For many people, gender inequality is such a large, daunting, and complex problem in our society, it can seem impossible to find an entry point to make a positive difference. But not for the sixteen YES alumni who recently attended the YES Gender Parity Specialists (YESGPS) Workshop in Beirut, Lebanon. The YES alumni who attended the workshop were all “specialists” in the sense that they have a proven track record and impressive background of working in the gender field as practitioners, educators, researchers, and/or advocates. Each YESGPS participant brought their own nuanced understanding and experiences of gender (in)equalities, and had three days to engage with other YES alumni doing similar work around the world.
The opening session of YESGPS required participants to work together to discuss and define gender parity and intersectionality, which led to deep conversations on privilege and identity. These discussions were the cornerstone of a full three days of mindful, reflective, inquisitive, and at times, challenging, discussions between participants.
Since all the participants came from incredibly diverse backgrounds with unique experiences and intersecting identities, alumni arrived in Beirut prepared to present at a Mini Conference on the gender parity work they do in their respective communities as practitioners, educators, researchers, and/or advocates. All YESGPS participants became aware of the obstacles their peers overcome, while also learning successful strategies that lead to a more gender equal society. The Mini Conference presentations ranged from girls and women in STEM, to LGBTQI rights, to laws that discriminate against women, to working with women with disabilities, to reporting and raising awareness of sexual assault, among other topics.
In addition to learning from one another, YESGPS participants were fortunate to attend two keynote presentations by Lina Abou-Habib from the Women's Learning Partnership and Jumanah Zabaneh from UN Women. Both keynotes focused on societal gender roles and expectations. YESGPS participants learned about family law, masculinity and social norms, the intersection of religion and gender, and ways to slowly make changes within our systems to make changes that benefit all genders.
Almost all the YESGPS participants agreed that one of the highlights of the workshop was a site visit to a women’s shelter. The shelter provides a free, safe, and supportive temporary home for survivors of gender based violence, or women who are at risk of gender based violence. At the safe house, women have access to crisis counseling, information on legal rights, mental health support, and additional resources. YESGPS participants met with the staff of the safe house to learn about their work. One YESGPS participant said, “The site visit was genuinely the best and the most inspiring workshop activity of all, in a way that it took us from the theory to the actual gender parity dilemma. The place was cold but I could feel the warmth of the ladies who were inspiring, hospitable and who actually took the time to talk to us and tell us about the magnificent work they do with survivors.”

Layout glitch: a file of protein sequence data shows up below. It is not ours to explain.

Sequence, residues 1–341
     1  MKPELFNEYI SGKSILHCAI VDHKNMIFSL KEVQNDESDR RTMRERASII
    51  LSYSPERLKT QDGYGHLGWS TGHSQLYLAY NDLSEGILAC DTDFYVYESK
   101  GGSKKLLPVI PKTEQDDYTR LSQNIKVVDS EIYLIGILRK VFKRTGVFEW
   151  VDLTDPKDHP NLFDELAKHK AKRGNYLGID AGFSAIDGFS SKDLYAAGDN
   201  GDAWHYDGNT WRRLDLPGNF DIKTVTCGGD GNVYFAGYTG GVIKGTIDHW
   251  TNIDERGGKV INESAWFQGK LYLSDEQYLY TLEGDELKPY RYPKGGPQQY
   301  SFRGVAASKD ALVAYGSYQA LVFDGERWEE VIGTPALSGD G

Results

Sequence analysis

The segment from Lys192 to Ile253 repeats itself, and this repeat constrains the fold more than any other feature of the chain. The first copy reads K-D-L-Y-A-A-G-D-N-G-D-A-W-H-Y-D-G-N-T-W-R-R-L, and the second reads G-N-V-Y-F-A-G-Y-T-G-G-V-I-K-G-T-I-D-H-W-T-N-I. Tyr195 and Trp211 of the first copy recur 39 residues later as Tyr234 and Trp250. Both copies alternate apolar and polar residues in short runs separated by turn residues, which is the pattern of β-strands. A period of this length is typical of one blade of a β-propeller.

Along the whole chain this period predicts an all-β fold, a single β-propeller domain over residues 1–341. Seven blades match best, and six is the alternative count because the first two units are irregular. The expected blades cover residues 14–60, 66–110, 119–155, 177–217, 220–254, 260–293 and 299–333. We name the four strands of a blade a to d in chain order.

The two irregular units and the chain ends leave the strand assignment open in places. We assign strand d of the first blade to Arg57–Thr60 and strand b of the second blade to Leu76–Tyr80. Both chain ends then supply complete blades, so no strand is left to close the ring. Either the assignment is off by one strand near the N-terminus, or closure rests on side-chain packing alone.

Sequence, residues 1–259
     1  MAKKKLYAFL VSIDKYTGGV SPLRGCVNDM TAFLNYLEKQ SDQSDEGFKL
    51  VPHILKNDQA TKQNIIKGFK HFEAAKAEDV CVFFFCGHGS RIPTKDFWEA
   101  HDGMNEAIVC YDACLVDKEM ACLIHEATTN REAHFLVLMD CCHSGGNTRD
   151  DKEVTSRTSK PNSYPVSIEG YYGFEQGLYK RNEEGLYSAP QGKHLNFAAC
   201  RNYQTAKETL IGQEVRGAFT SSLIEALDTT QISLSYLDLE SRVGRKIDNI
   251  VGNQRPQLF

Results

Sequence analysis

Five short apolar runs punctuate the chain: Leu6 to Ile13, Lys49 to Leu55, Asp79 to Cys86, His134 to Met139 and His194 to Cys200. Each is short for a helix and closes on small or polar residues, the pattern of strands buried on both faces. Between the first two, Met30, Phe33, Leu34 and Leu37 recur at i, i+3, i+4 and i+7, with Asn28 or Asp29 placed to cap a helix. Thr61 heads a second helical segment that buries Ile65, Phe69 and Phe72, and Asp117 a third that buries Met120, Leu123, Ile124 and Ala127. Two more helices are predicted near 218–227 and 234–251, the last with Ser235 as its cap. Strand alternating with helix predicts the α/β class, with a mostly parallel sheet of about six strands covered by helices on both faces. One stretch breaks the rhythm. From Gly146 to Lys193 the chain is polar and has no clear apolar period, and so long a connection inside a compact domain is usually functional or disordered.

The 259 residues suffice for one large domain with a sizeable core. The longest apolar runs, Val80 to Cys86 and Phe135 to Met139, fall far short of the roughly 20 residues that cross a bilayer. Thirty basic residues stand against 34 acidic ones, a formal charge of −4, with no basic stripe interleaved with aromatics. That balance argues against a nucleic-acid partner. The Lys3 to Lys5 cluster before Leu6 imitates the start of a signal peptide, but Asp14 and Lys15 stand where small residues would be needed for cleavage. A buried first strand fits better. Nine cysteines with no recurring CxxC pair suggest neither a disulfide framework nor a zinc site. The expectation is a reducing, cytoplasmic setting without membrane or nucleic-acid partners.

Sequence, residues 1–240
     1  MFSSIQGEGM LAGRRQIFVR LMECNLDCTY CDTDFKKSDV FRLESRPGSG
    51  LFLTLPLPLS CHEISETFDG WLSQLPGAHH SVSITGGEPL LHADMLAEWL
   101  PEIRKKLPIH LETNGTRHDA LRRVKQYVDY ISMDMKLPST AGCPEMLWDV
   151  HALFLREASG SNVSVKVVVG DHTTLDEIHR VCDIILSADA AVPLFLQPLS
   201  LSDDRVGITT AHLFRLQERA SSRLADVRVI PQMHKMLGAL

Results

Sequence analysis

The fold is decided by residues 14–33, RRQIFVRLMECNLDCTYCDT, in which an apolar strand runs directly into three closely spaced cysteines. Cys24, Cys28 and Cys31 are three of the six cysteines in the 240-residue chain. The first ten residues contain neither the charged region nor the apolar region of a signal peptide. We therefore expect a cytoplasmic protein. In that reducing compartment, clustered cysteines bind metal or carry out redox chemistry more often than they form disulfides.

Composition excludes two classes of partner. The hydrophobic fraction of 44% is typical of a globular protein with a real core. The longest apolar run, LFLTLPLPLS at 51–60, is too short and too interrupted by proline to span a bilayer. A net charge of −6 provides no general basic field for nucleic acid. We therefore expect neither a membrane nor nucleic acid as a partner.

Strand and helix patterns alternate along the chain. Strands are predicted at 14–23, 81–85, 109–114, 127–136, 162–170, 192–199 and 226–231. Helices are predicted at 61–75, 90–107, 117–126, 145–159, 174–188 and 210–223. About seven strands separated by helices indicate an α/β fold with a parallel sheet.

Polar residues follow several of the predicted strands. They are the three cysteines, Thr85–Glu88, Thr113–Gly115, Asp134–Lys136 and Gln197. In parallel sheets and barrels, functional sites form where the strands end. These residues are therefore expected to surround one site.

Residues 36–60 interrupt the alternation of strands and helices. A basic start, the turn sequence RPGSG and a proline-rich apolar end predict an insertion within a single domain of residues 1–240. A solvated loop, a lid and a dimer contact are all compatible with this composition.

Throughout the workshop all YESGPS participants had opportunities to debrief, reflect, and engage in more conversations related to the formal learning sessions. On the final day, YESGPS participants gave short presentations on their future plans to continue making strides toward a society with gender parity. Future plans include a documentary or short film revealing the shared experiences of many women in Lebanon, working with young women in correction centers, developing a gender parity social media platform to share resources, doing gender talks with young girls, among dozens of other ideas.
YESGPS participants left Beirut with a deeper understanding of gender parity, a new network of YES alumni and gender professionals, and more project management tools to implement their gender projects. YESGPS was a huge success – keep an eye out for the projects run by these passionate change makers, who are truly making a difference in our societies.